What’s in my Encrypted ~/Private directory?
October 3, 2008
I’ve spent quite a bit of time over the last 5 months developing, testing, documenting, and blogging about this feature.
Some people have asked, “What do you keep in your encrypted ~/Private directory?” So I thought I’d respond here. If there happen to be an other planet.ubuntu.com bloggers out there using an Encrypted Private Directory, perhaps this should be our next MeMe 🙂
kirkland@t61p:~/Private$ ls -alF
drwx------ 10 kirkland kirkland 4096 2008-10-03 10:30 ./
drwx------ 95 kirkland kirkland 4096 2008-10-03 10:24 ../
drwx------ 4 kirkland kirkland 4096 2008-10-03 10:23 Documents/
drwx------ 5 kirkland kirkland 4096 2008-10-03 10:30 .evolution/
drwx------ 2 kirkland kirkland 4096 2008-10-03 09:54 .gnupg/
drwx------ 4 kirkland kirkland 4096 2008-02-14 06:59 .mozilla/
drwx------ 6 kirkland kirkland 4096 2008-10-03 10:28 .purple/
drwx------ 2 kirkland kirkland 4096 2008-10-01 13:31 .ssh/
drwx------ 10 kirkland kirkland 4096 2008-10-03 09:03 .xchat2/
To protect your sensitive data, such as documents, mail, calendars, contacts, browser cache, messaging logs, and encryption keys in Intrepid, you can simply do the following:
- Install ecryptfs-utils
- $ sudo apt-get install ecryptfs-utils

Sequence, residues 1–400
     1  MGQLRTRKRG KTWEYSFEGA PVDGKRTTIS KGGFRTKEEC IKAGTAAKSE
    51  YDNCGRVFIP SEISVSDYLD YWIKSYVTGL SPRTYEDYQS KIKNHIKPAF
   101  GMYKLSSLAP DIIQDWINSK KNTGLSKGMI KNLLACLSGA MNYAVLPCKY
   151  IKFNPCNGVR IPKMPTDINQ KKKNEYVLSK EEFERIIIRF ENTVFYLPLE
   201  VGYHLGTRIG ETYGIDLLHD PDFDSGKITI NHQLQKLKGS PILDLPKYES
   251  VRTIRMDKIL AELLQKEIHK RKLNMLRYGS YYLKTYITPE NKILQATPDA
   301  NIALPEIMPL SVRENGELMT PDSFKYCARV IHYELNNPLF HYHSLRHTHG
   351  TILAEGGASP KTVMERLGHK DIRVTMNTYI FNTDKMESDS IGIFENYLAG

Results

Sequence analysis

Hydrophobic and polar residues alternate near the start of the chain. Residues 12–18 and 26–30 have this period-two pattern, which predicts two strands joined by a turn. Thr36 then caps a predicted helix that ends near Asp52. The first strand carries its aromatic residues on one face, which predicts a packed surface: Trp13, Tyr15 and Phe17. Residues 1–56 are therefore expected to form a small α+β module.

- Setup your private directory
- $ ecryptfs-setup-private
- Enter your login password, and either choose a mount pass phrase or generate one
- Record both pass phrases in a safe location!!! They will be required if you ever have to recover your data manually.
- Logout, and Log back in to establish the mount
- Make sure that the application whose data you want to protect (e.g. Firefox or Evolution) is not running
- $ ps -ef | grep evolution
- Move the application’s data directory (e.g. ~/.mozilla or ~/.evolution) into your ~/Private directory
- mv ~/.evolution ~/Private
- Establish a symbolic link from the old location to new location
- ln -s ~/Private/.evolution ~/.evolution
I could provide a script to do this, however, care must be taken that applications are not reading and writing data to these directories while they’re being moved, and thus, I recommend that these be handled manually.
Note: If you put all of .ssh in ~/Private, you won’t be able to ssh into the system using public key authentication. In this case, you might want to only put your private key in ~/Private, and leave the rest in the clear.